Lots of people grapple with anxiety, which can manifest in a variety of ways. One of the most terrifying aspects of an actual anxiety disorder are panic attacks, which can be triggered by a variety of things and actually shut down a person's body. People often go to the hospital thinking they're having a heart attack, when what is actually happening is a panic attack. That's how scary and painful they are.
Buzzfeed writer Kelsey Darragh went viral for her comprehensive list on things that can be done to help during a panic attack for her boyfriend, but which she thinks could benefit anyone in a relationship with somebody who has anxiety. If you haven't experienced it, it can be hard to know what to do. Someone in the grips of an attack will most likely be unable to articulate what they need. So, a list of dos and don'ts ahead of time is very helpful.
Darragh's handwritten list starts off with, “Know that I am scared and won’t be able to explain why, so please don’t freak out or be annoyed with me."
She also tells him to grab her meds if they're nearby and make sure she takes them.
One of the most important things is breathing, which she brings up over and over. She asks that he tries to lead her in breathing exercises and sync her to his breathing pattern, which will hopefully be much calmer.
Darragh writes that she can handle gentle suggestions for distracting activities, but if she says no to something he should listen—and not tell her what she should do.
Often during an attack, she'll have a dissociative moment, meaning she feels disconnected from her life or body. Darragh asks that her boyfriend remind her of nice things in their lives together that will make her laugh, so she can remember who she is and where she's at.
The list continues! Darragh asks that he be really nice to her during a panic attack, because she feels guilty and embarrassed for putting him through the whole ordeal, and those feelings just make it worse.
Sometimes she wants a "big, loose, long hug" to "feel safe."
In general, a lot of Darragh's tips boil down to "let me live." It's hardest to deal with a panic attack when you fight it or feel bad about yourself for having one.
"Empathize with me!" she writes."You may not get it, but you get me!"
And just as importantly, Darragh says that in the aftermath (several hours later) they both need to talk about how things went, in case there's something better that can be done later.
The response to the post has been huge, with almost 10,000 retweets and hundreds of comments from other people who experience anxiety and who have their own tips for how to deal with it from the outside.
If you’re somewhere inside then go outside and try stabilizing your breathing. Fresh air will always help.— Shelby (@shelbychelvy) May 12, 2018
Focus on something, preferably a bright color and continue to focus your breathing.
I found this picture a while back and I practice it every time. pic.twitter.com/9756KSpEDQ
talking quiet and trying to keep space between me and strangers is really helpful. having a playlist with calming music is helpful for me so having quick access is really good but idk if that helps for you— sage 46 (@bgltsantiago) May 11, 2018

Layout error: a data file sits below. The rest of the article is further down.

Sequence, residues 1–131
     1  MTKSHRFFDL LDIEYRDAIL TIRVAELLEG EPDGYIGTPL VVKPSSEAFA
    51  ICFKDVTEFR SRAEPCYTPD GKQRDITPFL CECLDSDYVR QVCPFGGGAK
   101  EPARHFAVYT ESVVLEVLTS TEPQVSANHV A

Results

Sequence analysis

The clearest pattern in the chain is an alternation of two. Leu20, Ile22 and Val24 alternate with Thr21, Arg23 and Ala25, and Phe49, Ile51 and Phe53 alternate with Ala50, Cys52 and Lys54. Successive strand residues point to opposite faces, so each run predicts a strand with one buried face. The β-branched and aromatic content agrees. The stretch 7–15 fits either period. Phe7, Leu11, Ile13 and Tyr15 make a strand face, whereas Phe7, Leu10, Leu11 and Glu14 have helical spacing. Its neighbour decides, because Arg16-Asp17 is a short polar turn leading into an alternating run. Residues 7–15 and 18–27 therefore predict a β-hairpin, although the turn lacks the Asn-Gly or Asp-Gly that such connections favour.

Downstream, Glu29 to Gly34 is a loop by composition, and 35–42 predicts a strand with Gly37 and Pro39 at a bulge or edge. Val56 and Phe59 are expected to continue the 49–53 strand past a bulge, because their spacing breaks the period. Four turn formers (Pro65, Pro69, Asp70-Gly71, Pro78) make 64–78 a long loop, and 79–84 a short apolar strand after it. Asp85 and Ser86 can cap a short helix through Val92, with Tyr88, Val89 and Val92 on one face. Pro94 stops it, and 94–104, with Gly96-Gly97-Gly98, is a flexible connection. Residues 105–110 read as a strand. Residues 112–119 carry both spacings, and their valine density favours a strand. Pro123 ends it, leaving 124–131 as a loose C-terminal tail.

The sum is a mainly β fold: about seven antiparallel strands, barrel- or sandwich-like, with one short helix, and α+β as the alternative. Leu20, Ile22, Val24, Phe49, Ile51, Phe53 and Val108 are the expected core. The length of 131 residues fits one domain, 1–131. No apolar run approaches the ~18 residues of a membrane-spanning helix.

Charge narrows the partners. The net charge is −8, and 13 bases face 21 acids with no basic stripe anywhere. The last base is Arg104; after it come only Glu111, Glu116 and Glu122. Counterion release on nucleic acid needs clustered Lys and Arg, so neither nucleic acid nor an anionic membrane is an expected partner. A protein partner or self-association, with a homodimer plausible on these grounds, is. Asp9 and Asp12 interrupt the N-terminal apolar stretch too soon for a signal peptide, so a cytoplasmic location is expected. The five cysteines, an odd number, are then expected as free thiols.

Usually after the worst is through I have some songs / tv shows / etc. that help me feel better and more like a person in my body.— al (@bleachersnow) May 11, 2018
Also quiet and a lot of space from people (not complete isolation) physically when it happens. Definitely no touching for me, grounding words help!
I use the 54321 method to pull me out of panic attacks/dissociating. Find 5 things you can see, 4 things you can touch, 3 things you can hear, two things you can smell, and 1 thing you can taste. Works in all but the most serious cases 😁— Britley ❄️ (@britley_adler) May 18, 2018
My anxiety attacks can be quite dissociative (with seizure like effects), a big thing I've found helpful is to firmly massage localized areas (like my shoulders). I concentrate on the pressure, its grounding without having to think & not too overstimulating. Your bf can do it too— C Y Δ N ::::::: (@cyanophytae) May 15, 2018
When I’m having a dissociative panic attack, I ask that when you address me you say my name and you also tell me little specific things about who I am, like my favorite candy or pizza condiments— fuck🌈 (@miahalexas96) May 12, 2018
There were also a lot of people who were learning about the severity of panic and anxiety attacks for the first time.
I had no idea panic attacks could last hours. I thought it was like 10-15 mins.— • myth • (@GlassMyth) May 13, 2018
Yep! - it's also the aftermath of an attack affecting you for hours afterwards, causing confusion, dissociation, fragility, fatigue, poor concentration, etc. It's an intense experience that can take a lot out of you and leave you feeling off, even hours after it passes.— C Y Δ N ::::::: (@cyanophytae) May 15, 2018
no probs! i mean, attacks range in intensity depending on the person and the situation... some attacks certainly might pass after a short amount of time and not every attack needs hours of processing afterwards, but it does happen✌️— C Y Δ N ::::::: (@cyanophytae) May 16, 2018
because it's so important and it's easy to hyperventilate or hold your breath during an attack which can lead to collapsing— Kristabelle (@KristabelleDyer) May 28, 2018
Though Darragh's list is very specific to her condition, it's a great example of how having open conversations when you're not in crisis can mean you get the support you need down the line. Have an honest talk with your partner today!